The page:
One Cigarette – Edwin Morgan

Today (27th April 2020) is the 100th anniversary of the birth of the late great Scottish poet Edwin Morgan so I thought I’d take the opportunity to post one of my favourite poems of his. This is called One Cigarette:

No smoke without you, my fire.
After you left,
your cigarette glowed on in my ashtray
and sent up a long thread of such quiet grey
I smiled to wonder who would believe its signal
of so much love. One cigarette
in the non-smoker’s tray.
As the last spire
trembles up, a sudden draught
blows it winding into my face.
Is it smell, is it taste?
You are here again, and I am drunk on your tobacco lips.
Out with the light.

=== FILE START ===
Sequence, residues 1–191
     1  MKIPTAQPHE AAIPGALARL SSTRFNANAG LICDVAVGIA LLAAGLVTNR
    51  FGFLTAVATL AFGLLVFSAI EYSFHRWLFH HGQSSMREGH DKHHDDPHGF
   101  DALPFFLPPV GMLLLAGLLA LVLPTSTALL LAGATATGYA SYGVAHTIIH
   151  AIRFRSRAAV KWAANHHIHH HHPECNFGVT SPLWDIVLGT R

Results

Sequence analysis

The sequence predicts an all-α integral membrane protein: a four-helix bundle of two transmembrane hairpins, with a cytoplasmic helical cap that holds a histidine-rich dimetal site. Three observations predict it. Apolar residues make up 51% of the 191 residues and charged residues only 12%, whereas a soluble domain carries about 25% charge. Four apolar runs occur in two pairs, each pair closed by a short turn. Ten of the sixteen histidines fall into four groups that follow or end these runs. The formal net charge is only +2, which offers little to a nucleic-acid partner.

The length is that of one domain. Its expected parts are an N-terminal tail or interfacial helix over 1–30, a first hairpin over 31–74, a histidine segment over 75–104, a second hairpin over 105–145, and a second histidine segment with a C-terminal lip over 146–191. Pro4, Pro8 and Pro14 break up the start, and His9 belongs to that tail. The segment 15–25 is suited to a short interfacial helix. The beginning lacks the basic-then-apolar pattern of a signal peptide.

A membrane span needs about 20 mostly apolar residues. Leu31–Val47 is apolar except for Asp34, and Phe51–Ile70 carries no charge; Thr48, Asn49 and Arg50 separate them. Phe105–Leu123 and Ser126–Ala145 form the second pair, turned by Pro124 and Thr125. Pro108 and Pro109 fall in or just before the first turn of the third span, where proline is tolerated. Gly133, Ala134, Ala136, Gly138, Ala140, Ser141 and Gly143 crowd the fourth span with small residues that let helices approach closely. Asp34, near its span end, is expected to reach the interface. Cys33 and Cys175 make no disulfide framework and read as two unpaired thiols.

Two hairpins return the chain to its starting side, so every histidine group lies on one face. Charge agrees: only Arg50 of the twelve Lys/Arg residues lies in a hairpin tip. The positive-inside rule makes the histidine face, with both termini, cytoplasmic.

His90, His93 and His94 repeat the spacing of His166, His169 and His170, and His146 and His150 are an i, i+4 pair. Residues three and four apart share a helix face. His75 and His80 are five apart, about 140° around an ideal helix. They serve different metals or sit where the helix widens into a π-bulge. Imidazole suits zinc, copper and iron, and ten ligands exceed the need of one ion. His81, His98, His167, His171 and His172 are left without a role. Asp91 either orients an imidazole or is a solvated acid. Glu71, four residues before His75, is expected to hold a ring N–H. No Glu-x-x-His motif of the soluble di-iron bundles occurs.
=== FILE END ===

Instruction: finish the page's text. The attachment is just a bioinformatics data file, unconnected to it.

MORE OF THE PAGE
Let the smoke lie back in the dark.
Till I hear the very ash
sigh down among the flowers of brass
I’ll breathe, and long past midnight, your last kiss.

by Edwin Morgan (1920-2010)

One Response to “One Cigarette – Edwin Morgan”

  1. Phillip Helbig Says:

    I’ve never been a smoker, but the song below—an outtake, actually, released years later on a special double CD of outtakes intended mainly for fans)—is one of my favourite songs: excellent singing, lyrics which are real poetry, humour, and some nice guitar strumming and, towards the end, piano tinkling. If you watch on YouTube you can probably see the lyrics as well, or of course you can google them, but they shouldn’t be too difficult to understand. Enjoy!

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